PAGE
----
Google And SAP: Two Very Different Cloud Strategies

While both Google and SAP shared a 1980's music sensibility at their respective conferences this week - Billy Idol performed at Google I/O and U2's Bono walked the floor at SAPPHIRE - the two companies see the future of computing very differently. Even when the two companies agree on the importance of cloud computing, their strategies couldn't be more different.

For one thing, SAP's new cloud isn't even a cloud. But then, SAP's Bono wasn't really Bono, either, but merely an impersonator.

Forrester analyst Stefan Ried takes SAP to task for getting cloud wrong in its new HANA Enterprise Cloud:

"The Hana Cloud is a very careful move to a new business model. It is not disruptive and will NOT accelerate Hana usage to the many more customers who have been struggling with Hana on-premises because of its licensing. 

"The announced Hana Enterprise Cloud follows the 'Bring Your Own License' paradigm. While this is great for customers that already have a Hana license and would like to relocate it into the cloud, it is useless for customers that might have largely fluctuating data volumes or user numbers and might specifically use a cloud because of its elastic business model."

In other words, it's not really a cloud.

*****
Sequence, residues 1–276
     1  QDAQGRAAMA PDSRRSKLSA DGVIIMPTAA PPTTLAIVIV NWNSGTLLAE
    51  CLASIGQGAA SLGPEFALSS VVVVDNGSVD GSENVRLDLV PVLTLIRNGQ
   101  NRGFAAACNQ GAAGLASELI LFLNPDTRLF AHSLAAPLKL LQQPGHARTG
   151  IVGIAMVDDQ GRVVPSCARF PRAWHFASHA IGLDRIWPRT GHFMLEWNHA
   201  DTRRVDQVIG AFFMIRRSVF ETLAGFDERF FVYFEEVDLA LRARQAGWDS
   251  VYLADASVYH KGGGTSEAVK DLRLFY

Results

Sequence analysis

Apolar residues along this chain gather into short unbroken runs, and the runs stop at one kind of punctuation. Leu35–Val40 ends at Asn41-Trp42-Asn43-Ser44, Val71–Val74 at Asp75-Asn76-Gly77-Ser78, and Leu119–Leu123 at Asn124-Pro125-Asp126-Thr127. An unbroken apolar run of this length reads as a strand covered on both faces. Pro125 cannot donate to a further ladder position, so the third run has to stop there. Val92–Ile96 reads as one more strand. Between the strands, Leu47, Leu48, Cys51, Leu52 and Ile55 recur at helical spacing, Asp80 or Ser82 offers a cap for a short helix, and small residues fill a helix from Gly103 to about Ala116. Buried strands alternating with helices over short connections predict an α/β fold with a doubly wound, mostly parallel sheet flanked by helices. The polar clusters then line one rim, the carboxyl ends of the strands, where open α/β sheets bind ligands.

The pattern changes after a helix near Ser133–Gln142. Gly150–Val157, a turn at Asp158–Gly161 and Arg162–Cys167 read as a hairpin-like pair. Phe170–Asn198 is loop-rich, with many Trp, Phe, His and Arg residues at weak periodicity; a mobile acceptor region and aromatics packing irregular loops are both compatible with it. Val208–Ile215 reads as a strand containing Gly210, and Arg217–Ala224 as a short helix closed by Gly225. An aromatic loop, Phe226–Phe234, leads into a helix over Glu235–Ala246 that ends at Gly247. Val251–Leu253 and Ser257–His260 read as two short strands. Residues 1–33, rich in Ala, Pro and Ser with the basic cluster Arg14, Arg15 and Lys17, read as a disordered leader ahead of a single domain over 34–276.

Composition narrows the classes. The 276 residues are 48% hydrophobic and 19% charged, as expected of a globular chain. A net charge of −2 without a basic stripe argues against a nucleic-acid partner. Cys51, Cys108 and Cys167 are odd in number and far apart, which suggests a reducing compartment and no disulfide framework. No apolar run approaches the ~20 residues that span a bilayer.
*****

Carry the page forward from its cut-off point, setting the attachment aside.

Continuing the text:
Amazon, more than any other cloud vendor, has insisted that such "clouds" don't deserve the name, as they fail to live up to the very premise of cloud computing: truly elastic, on-demand software. But while Amazon normally reserves its ire for private cloud vendors, SAP's HANA Cloud is even less of a cloud because it requires you to bring your own HANA license to the party.

Meanwhile, over at Google I/O, Google introduced improves to Google Cloud Platform and made Google Compute Engine available to all. Like Amazon, Google is making a powerful array of infrastructure technologies available on-demand, and totally elastic.

Google, like Amazon, realizes that the future of computing is not going to be won by the vendor with the prettiest device or even the best user interface: it will be won by the company with the best cloud services. As Redmonk analyst Stephen O'Grady pointed out, summarizing Google's first day announcements:

"[Google is clearly telegraphing that] the war for mobile will not be won with devices or operating systems. It will be won instead with services."

SAP must see this, too, but appears hamstrung by its past, in true "Innovator's Dilemma" fashion. It has so much revenue tied up in legacy deployments of legacy software that even releasing a kind-of, sort-of, not-really cloud offering is the best it can do.

This is not to suggest that HANA is bad technology. By most accounts, it's quite good. But as Ried argues, "The SAP Hana Enterprise Cloud is version 2 of the initial Hana in-memory database, but the cloud offering based on 'Bring Your Own License' is more version 0.1 of a cloud business model."

Which is to say, it's no cloud at all. While this may not seem like a big deal, enterprises are barreling into true clouds for a wide variety of needs, and no longer merely for development and test workloads. If SAP wants to participate in the future of enterprise computing, it should learn from the companies that are inventing that future: Google and Amazon.

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